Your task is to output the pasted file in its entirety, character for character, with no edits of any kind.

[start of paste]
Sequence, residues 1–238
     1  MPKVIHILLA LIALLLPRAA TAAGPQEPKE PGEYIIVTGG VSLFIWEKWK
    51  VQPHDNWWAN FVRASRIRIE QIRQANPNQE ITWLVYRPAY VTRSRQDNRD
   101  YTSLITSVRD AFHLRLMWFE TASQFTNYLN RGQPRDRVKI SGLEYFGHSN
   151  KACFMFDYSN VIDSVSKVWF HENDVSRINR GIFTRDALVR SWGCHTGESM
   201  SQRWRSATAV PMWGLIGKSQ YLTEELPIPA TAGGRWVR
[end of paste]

Sequence, residues 1–238
     1  MPKVIHILLA LIALLLPRAA TAAGPQEPKE PGEYIIVTGG VSLFIWEKWK
    51  VQPHDNWWAN FVRASRIRIE QIRQANPNQE ITWLVYRPAY VTRSRQDNRD
   101  YTSLITSVRD AFHLRLMWFE TASQFTNYLN RGQPRDRVKI SGLEYFGHSN
   151  KACFMFDYSN VIDSVSKVWF HENDVSRINR GIFTRDALVR SWGCHTGESM
   201  SQRWRSATAV PMWGLIGKSQ YLTEELPIPA TAGGRWVR